As I was browsing the images of the workshops from the Middle ages I could often see some silversmith work, beside of making smaller jewels.
|A late 15th century workshop by the Master of Bileam showing St Eligius at work|
It seems that the goldsmith and silversmith was actually a same craft in Middle ages.
Than if I want to call myself a medieval goldsmith, there is no choice but grab a hammer and shape some vessels.
|St. Eligius at work by Niclaus Manuel 1515|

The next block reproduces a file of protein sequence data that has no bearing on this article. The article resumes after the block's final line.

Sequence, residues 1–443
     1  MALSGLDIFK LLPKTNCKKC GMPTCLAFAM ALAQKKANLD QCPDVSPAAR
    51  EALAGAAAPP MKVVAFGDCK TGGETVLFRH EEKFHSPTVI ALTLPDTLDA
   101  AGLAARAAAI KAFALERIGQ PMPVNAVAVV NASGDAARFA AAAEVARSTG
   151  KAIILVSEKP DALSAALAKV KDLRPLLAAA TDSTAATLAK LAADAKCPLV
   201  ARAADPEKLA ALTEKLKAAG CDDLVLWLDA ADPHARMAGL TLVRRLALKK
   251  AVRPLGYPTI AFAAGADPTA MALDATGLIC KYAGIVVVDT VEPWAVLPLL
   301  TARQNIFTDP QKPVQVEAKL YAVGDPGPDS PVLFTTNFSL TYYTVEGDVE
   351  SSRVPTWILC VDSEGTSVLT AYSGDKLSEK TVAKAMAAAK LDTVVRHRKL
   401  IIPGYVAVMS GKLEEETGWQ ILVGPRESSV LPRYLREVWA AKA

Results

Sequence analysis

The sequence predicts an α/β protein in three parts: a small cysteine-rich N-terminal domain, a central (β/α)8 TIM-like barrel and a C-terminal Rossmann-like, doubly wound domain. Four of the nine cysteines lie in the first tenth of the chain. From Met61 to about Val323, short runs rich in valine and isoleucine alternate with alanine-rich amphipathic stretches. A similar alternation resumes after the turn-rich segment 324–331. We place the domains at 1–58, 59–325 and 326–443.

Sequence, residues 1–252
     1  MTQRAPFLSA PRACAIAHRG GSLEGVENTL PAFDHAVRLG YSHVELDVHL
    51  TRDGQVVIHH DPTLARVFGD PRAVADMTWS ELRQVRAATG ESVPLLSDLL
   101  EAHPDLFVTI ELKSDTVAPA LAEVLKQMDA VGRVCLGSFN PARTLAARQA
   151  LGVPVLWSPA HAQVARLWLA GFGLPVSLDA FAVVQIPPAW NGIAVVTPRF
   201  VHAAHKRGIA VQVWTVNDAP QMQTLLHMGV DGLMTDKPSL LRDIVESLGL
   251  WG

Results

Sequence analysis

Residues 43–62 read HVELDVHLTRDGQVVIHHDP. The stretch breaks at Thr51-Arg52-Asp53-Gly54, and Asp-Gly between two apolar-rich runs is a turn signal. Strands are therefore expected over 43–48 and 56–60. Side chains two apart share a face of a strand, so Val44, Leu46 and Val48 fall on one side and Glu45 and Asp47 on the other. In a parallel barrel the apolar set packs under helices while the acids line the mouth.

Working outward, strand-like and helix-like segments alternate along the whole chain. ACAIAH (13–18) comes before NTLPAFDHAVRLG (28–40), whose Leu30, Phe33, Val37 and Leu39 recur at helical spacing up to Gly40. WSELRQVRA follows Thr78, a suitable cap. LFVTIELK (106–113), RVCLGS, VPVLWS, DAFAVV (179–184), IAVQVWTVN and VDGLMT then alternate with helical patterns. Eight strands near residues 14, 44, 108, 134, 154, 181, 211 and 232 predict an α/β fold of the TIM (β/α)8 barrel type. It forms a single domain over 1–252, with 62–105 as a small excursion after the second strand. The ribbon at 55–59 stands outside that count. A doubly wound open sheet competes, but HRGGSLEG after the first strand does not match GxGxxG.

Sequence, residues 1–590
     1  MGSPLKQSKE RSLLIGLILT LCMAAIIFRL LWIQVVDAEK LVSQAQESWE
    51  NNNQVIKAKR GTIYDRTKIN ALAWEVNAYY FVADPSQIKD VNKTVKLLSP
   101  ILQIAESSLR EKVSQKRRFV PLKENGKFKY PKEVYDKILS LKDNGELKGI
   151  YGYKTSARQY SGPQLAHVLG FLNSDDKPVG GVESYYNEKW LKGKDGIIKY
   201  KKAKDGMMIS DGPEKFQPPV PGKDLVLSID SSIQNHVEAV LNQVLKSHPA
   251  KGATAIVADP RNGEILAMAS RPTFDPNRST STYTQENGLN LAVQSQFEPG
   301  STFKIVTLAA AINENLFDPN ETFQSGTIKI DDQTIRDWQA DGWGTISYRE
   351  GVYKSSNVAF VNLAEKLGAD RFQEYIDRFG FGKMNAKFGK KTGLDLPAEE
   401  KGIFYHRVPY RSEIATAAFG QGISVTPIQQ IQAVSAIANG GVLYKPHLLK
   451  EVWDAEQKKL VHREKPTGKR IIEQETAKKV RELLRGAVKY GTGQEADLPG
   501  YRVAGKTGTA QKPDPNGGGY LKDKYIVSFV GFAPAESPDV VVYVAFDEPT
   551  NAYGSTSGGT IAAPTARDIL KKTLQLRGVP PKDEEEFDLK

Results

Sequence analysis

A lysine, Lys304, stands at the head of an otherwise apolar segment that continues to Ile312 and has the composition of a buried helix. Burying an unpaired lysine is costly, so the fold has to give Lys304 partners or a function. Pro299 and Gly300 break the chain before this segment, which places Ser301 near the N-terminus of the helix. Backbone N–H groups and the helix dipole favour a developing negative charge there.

Good for me that Denmark is still a place where silversmithing craft that is doing quite well and it is still a part of the "precious smiths" training.
I took the trip to Fredericia one of the schools for goldsmiths to take part in a course.
Two weeks with different types of hammers. anvils, stakes, mallets etc.
It was a great fun!
But honestly I did not imagine that this is such a slow process.
Shaping a vessel takes days or even weeks and hundreds of thousands of hammer strikes. Than there is still some more hammering with the planishing hammer to smooth and polish the surface.
I also discovered that it has much more similarities to armour-making than I thought. Good I do not have to work with a glowing-hot metal to shape it.
Now I need to introduce this technique to my medieval workshop.